GPS told us we were at approx. 14,700 feet and that was going to have to be good enough for our major acclimatization hike. We needed to turn around and head down the mountain so we didn’t get caught up in any nasty weather.
We hauled ass down and the dark clouds got closer and the thunder louder…in fact, we weren’t the only ones scurrying back down. Pretty much everyone turned around except for a few who were probably planning to camp up higher in their own tents rather than stay in a hut camp down below.
As we were running down it dawned on me…we still had our hotel room in Terskol, and when trying to acclimatize you are supposed to climb high and sleep low. What if we could make it back to the gondola and go back to town tonight instead of back to camp?
I ran the idea past Frank and we decided to go for it…we picked up the pace…we had less than an hour now before the gondola closed for the day (plus the impending storm was getting closer so it made sense to go as fast as we could anyway).
Poor Frank…his foot was killing him from rubbing in his new La Sportiva G2 SM Mountaineering Boots since they weren’t broken in yet and he wasn’t sure if he was able to go fast enough to make the gondola in time (once broken in, they turned out to be phenomenial boots. I have the same pair and my feet didn't get cold once!).
He pushed on ignoring the pain and we made it with 10 minutes to spare!
We ran up to the turn gate only to realize Frank didn’t have his lift card with him. Thank goodness the guard told us (in Russian) we could buy a one way down for him out of the ATM looking machine. We scurried, figured out how to do it, inhaled a huge sigh of relief and made our way back down to the quaint little Moon Hotel for the night with only the things we had in our 30L Black Diamond packs.
The following evening would be when we began our summit attempt and I can only imagine the relief Frank felt knowing he was going to be able to sleep in a bed the night before it. I was excited to use a regular flushing western style toilet one last time. The toilets in camp well…just watch the video…
Ok, back to non toiled things...
Remember I said I forgot about the effects of snow reflection and the intensity of UV at elevation? Well, the waitress at the hotel reminded me. My face was beet red by the time we headed down for dinner. She felt so bad for me, she instantly brought me a little cup of yogurt and told me to put it on my face to help calm it down. I was too embarrassed to take any pics at the time…wish I would have because it would be fun to laugh about it now.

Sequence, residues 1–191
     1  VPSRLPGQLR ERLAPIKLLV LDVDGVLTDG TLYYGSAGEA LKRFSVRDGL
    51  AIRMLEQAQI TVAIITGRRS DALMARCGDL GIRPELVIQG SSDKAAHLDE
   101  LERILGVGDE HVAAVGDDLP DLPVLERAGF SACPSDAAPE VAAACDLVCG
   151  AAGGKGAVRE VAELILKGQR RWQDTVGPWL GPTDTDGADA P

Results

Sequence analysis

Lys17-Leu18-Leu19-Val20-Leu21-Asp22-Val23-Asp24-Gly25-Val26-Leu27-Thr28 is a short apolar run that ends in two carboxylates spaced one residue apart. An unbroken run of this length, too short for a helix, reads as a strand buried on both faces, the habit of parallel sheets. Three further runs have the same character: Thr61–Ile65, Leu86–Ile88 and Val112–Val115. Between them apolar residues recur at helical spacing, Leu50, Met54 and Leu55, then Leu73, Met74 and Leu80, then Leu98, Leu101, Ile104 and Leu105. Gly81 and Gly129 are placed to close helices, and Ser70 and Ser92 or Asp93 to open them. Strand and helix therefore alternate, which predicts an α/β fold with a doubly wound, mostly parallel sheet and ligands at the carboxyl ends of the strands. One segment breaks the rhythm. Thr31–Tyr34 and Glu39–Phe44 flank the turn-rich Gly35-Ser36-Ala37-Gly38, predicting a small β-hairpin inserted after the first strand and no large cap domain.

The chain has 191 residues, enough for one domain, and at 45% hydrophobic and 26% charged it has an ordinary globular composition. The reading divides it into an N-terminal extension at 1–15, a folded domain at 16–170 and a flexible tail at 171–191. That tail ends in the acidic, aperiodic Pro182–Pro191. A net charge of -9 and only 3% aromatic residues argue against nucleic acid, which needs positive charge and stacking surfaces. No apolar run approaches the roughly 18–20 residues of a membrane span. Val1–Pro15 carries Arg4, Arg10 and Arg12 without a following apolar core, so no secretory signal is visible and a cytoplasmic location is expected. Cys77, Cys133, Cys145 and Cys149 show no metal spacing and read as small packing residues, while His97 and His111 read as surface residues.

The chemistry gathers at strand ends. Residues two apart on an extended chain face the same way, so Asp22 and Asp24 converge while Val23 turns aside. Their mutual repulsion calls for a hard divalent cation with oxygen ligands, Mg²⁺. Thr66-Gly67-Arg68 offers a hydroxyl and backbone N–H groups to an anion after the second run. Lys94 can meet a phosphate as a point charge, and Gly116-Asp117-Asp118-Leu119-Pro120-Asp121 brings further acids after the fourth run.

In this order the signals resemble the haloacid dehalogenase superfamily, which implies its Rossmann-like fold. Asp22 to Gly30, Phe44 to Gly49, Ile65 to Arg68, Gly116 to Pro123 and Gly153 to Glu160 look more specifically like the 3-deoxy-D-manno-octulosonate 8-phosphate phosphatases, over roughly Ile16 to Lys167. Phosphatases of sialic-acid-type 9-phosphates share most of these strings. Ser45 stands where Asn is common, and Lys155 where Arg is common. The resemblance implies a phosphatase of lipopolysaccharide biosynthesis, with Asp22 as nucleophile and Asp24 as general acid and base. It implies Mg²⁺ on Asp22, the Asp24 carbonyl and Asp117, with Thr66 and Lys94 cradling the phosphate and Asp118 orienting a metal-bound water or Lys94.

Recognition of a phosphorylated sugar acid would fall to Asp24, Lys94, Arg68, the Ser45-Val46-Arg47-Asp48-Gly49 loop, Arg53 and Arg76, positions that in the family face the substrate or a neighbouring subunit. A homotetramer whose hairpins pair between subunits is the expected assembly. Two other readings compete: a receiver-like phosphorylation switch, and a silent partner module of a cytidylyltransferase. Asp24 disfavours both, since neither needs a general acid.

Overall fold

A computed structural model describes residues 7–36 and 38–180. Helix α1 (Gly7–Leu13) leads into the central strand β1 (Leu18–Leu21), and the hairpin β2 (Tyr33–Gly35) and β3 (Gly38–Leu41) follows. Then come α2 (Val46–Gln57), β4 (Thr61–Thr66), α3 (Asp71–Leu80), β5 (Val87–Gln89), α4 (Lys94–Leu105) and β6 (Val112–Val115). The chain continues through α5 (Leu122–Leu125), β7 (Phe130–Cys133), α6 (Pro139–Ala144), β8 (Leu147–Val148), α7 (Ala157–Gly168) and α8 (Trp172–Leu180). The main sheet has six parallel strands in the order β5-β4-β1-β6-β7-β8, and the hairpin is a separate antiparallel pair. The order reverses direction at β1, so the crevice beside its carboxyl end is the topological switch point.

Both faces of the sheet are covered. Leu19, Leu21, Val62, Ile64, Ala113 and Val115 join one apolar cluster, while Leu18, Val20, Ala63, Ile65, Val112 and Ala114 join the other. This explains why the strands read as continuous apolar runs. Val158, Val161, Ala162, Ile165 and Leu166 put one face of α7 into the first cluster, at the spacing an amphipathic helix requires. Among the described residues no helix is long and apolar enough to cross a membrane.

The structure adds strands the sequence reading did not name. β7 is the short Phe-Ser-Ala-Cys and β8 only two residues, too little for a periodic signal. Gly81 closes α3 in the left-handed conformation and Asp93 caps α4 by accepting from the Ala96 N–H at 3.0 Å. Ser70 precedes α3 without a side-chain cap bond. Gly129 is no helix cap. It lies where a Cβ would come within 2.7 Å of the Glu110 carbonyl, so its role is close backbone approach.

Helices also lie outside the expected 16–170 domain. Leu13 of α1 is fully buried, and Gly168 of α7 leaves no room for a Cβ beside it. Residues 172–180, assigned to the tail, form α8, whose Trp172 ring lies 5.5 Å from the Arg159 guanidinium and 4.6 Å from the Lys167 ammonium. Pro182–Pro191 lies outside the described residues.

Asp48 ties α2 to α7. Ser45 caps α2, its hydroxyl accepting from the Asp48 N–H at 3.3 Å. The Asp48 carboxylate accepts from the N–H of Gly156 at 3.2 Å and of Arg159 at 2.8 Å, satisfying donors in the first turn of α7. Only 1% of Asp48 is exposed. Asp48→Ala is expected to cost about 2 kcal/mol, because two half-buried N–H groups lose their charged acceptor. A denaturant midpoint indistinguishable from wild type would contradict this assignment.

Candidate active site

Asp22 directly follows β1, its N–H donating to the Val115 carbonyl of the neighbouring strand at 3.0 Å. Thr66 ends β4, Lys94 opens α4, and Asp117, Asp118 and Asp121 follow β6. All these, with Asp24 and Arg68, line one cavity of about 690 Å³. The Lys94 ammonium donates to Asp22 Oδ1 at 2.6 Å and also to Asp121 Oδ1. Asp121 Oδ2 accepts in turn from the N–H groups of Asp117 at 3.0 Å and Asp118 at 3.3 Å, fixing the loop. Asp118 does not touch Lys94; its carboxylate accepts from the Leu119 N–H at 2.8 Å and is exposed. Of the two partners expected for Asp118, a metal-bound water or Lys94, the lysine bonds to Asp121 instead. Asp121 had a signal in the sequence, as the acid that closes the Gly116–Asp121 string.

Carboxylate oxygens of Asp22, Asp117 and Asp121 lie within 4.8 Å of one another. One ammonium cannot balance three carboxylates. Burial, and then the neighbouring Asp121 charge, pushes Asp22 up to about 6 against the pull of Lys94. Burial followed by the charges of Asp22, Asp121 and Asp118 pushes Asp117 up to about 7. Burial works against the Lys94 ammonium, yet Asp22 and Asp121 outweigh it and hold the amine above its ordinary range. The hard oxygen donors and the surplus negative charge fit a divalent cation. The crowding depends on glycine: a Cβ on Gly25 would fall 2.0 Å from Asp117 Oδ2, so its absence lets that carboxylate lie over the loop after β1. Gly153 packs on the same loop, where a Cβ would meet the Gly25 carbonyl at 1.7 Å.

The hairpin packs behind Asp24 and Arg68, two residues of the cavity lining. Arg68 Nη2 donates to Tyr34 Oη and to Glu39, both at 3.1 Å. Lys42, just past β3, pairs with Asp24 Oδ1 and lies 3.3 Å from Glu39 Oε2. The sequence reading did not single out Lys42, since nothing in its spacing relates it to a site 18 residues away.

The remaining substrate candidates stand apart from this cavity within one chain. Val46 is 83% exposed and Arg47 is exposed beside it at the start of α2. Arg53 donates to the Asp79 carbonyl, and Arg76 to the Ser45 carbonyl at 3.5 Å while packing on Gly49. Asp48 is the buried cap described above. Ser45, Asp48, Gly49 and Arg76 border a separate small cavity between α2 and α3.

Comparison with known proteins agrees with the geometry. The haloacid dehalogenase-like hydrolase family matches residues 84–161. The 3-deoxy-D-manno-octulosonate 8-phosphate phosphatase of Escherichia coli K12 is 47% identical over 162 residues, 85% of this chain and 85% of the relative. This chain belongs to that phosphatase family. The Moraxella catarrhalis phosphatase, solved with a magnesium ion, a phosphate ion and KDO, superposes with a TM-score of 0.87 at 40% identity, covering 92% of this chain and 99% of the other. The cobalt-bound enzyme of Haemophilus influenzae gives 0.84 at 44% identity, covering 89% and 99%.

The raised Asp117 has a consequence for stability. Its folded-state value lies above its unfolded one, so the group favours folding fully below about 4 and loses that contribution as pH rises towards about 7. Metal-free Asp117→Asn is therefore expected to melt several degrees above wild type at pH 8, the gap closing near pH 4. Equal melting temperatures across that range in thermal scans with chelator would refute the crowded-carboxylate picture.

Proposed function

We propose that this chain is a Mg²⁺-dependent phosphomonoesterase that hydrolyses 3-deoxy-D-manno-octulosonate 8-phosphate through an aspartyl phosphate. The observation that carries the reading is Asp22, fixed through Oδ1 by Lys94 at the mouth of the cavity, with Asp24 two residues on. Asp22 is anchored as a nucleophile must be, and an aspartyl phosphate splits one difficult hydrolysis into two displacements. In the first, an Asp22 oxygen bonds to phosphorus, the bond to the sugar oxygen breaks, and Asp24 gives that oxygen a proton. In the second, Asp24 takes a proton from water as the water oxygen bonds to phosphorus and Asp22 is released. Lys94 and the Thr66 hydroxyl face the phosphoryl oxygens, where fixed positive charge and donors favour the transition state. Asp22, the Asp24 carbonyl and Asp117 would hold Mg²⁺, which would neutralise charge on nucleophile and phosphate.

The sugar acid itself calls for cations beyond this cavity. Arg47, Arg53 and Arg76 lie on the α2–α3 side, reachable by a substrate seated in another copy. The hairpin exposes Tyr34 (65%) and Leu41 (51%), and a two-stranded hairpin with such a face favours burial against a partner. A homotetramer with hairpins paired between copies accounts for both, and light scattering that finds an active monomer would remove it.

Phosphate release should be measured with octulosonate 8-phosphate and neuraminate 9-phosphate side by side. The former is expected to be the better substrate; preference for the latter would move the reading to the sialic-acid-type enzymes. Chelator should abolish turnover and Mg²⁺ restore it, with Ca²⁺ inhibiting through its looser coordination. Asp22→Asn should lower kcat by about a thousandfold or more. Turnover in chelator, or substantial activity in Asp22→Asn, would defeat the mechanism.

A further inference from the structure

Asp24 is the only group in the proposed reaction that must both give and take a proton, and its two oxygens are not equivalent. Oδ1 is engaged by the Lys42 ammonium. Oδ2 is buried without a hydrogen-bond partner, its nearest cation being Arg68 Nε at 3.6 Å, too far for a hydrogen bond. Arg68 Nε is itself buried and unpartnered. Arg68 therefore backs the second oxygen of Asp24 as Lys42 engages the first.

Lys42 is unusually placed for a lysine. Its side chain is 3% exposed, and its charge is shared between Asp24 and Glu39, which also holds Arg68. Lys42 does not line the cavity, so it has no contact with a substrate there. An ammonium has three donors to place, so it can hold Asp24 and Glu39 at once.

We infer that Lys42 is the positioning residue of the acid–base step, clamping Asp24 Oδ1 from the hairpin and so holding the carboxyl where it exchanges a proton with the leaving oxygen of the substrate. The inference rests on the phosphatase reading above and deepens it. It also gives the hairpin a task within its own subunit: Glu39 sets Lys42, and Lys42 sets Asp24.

We ate dinner and as soon as we got to the room, I did a yogurt mask. It felt soooo good on my face. I think I did about 3 of them that night.
Morning came and yep, my face had blistered around and inside my nose. It was extremely painful and it probably looked it was well.
I wasn’t about to hole up in the hotel room though, so we headed back down for breakfast.
I tell you, the people at this hotel are some of the most thoughtful I’ve ever met…it was so cute…the same waitress as the night before was working and she had a bottle of sunscreen she and the hotel owner encouraged me to use on my face next time I was outside.
I was so moved. It felt like they genuinely cared about me. I graciously took the bottle, enjoyed my breakfast and did yet another yogurt mask on my face.
It was nice to be back in our comfortable hotel room and not in the cabin on the mountainside. We lounged around the room for a good portion of the early day, then gathered our things and headed back up to our hut to prepare for our summit attempt later that night.
Aside: When “storming” which is the Russian translation for attempting to summit, most people leave their camps between midnight and 4 am depending on where they are starting from.
Our goal was to go to bed around 6pm that night, sleep until 10pm, get up, catch the ratzrak (aka snowcat) at 1am to Patshukov rocks at 4700m and then walk the rest of the way to the top of the mountain.
We rode the gondola back up and trekked back down to camp. Earlier that day I had received a message from our cabin contact that someone from camp needed to talk to us. Well, that someone was waiting outside our door when we arrived and turns out he was there to collect. Honestly, it was no big deal. He just wanted to get our payment for the stay and to let us know two more people would be joining us in that hut.
We settled up and rushed to pick up all of our “shit” that was strewn about the place, then headed off to get some water from a glacial lake near our camp. When we got back to the hut two more residents had moved in and turned out to be pretty cool, a Russian Military Mountaineering Trainer and his son. The 4 of us casually chatted back in forth in my broken Russian and their broken English and established we had the same goal…beginning our ascent of Mt. Elburs later that evening.
Speaking of that, it deserves and entire post on its own, so check back to read about our summit attempt, a microcrush I developed on a snowcat driver and more!